As mentioned the Covid crash demonstrated unhedged VGS working nicely as expected given the A$ is considered a risk currency. Yes VGS will be hammered during a commodity up cycle but the ASX will then likely be going gangbusters. Hence from a correlation perspective the simple combination of VAS / VGS seems to works together nicely.

    But there’s other factors such as the overall exposure to A$ vs other across the entire portfolio including asset classes other than shares.
     
    Last edited: 11th May, 2020
  13. Ross36

    Ross36 Well-Known Member

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    These are the reasons I like the idea of unhedged over hedged for my situation specifically. My thoughts are that living in regional QLD we are tied to the commodity cycle with our jobs and house prices inherently linked. The role of VGS for me is to diversify away from that. If/when we get our next commodity supercycle - massive global infrastructure spending post covid to create jobs maybe? - I'd guess that house prices and local shares will outperform VGS but I won't be worrying about it. In Lars Kroijer's book and the podcasts he does do a great job of explaining why unhedged international shares are so important as your diversifier away from your job and housing.

    I must say though that a 50/50 VGS/VGAD split with contribution rebalancing is compelling. Ride that mean reversion wave.
     
  14. PKFFW

    PKFFW Well-Known Member

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    Good points.

    My main purpose for international equities is as a diversifier away from the Australian market as protection from Australia going down the shitter over the next however long. Tax considerations with the mumblings of franking credit refunds being axed is also on my mind. Home country risk, while something to be considered, I don't think is a significant issue in Australia. Performance also isn't a huge factor, I'll be happy with something near the long term average or even just a little above inflation will be enough for me. (Yes, as my wife often tells me, I'm easily satisfied! hahah)

    I like the idea @The Falcon put forward of 25% VGS and 25% VGAD but I also like the pure simplicity of VAS/VGS. I guess my last option could be VGAD for now and when I see the AUD get somewhere near 70-80c US start in on VGS and just end up with 3 ETFs rather than 2. Maybe I'll come out ahead that way and maybe I wont but I don't think I'll come out too far behind either way.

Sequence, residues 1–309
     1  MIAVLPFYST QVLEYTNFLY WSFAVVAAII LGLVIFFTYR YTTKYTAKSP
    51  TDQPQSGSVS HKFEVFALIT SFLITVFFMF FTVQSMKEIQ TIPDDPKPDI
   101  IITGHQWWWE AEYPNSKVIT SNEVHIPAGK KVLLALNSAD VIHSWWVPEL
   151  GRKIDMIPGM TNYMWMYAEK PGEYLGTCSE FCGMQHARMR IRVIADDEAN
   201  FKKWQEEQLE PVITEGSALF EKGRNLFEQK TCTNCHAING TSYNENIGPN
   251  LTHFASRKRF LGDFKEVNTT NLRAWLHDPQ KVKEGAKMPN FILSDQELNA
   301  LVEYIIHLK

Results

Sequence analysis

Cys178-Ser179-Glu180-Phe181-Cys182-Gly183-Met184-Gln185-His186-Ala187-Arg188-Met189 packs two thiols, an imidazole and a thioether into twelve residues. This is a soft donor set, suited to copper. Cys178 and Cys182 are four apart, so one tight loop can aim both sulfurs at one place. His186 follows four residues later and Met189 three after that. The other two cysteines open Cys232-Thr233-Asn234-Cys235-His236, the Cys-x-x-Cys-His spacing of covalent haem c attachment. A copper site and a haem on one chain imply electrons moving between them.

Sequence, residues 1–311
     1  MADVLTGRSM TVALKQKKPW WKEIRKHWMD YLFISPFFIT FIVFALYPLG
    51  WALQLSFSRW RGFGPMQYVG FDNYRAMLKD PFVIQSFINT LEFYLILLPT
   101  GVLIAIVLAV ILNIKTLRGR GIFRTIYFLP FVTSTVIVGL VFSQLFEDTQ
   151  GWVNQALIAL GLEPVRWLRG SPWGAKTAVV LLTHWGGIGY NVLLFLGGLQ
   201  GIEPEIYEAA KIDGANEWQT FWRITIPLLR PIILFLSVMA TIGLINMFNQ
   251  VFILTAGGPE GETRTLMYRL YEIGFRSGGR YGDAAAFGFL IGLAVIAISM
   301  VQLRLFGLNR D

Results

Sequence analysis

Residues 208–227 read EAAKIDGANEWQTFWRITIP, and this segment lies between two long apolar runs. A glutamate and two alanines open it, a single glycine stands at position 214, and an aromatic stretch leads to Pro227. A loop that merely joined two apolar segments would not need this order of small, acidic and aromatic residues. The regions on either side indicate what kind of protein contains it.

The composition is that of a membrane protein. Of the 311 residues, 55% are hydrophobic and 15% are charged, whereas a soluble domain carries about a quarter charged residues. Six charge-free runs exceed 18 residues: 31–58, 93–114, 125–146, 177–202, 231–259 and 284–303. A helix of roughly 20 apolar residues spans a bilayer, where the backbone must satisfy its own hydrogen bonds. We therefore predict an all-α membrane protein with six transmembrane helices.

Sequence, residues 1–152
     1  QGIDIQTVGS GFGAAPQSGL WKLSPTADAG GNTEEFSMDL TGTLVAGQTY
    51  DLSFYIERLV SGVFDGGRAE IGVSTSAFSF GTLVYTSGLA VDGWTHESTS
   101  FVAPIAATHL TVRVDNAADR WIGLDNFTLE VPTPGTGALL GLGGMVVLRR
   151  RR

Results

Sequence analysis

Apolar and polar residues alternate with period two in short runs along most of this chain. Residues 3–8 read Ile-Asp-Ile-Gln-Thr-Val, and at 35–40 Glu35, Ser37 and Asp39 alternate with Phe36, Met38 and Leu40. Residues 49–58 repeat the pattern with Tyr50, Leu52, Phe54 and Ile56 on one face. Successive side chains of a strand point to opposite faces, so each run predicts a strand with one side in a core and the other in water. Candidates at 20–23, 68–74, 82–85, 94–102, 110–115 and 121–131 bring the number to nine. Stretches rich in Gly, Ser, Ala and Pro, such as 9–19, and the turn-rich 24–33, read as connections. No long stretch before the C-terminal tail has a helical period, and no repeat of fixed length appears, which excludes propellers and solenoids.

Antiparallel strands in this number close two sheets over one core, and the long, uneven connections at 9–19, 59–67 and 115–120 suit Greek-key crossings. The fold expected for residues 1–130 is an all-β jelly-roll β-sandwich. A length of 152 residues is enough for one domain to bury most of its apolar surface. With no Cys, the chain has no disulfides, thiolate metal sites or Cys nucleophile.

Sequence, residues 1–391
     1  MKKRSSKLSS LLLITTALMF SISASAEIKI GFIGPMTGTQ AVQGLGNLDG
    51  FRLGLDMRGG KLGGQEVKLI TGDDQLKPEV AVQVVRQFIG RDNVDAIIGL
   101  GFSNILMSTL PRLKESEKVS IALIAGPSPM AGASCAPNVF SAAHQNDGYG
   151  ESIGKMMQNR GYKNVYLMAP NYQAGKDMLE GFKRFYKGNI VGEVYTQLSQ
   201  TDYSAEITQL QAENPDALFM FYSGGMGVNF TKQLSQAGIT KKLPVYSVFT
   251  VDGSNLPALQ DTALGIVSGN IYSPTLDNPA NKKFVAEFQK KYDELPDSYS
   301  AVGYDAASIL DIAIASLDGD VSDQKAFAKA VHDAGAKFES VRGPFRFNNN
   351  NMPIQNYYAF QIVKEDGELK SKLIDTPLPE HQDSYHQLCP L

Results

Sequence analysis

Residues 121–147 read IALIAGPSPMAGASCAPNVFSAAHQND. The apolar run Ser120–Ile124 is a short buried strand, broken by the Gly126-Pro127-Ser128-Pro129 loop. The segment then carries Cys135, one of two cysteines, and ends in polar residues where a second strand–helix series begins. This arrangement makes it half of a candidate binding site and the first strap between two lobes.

ETA: Meant VAS/VGS when I wrote VAS/VGAD so I fixed it.
     
    Last edited: 12th May, 2020
  15. Burgs

    Burgs Well-Known Member

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    Some great comments.
    Just had a look at the performance of the wholesale versions as the data is for a lot longer than the ETF versions as follows:

    Vanguard International Shares Index Fund - inception since 6 June 1997
    Total return is 6.21%
    Benchmark is 6.16%
    Benchmark MSCI World ex-Australia (with net dividends reinvested) in Australian dollars Index

    Vanguard International Shares Index Fund (Hedged) - inception since 2 August 2000
    Total return is 5.21%
    Benchmark is 5.29%
    Benchmark MSCI World ex-Australia (with net dividends reinvested), hedged into AUD Index

    Total returns are calculated after allowing for management and transaction costs.

    There is a lot of data that can be downloaded and analysed, but for roughly 20 years of data, there is only 1% difference in performance just looking at the total returns.
     
  16. Ross36

    Ross36 Well-Known Member

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    And I dare say that a lot of that difference is due to the start dates: unhedged in the middle of the massive tech boom and hedged right at the peak of it. That hedged fund inception date was a cracker - right before the drop in the US index and a further decline in the Aussie dollar!
     
  17. Nodrog

    Nodrog Well-Known Member

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    Just posted this in response to a post in the LIC thread but it really belonged here: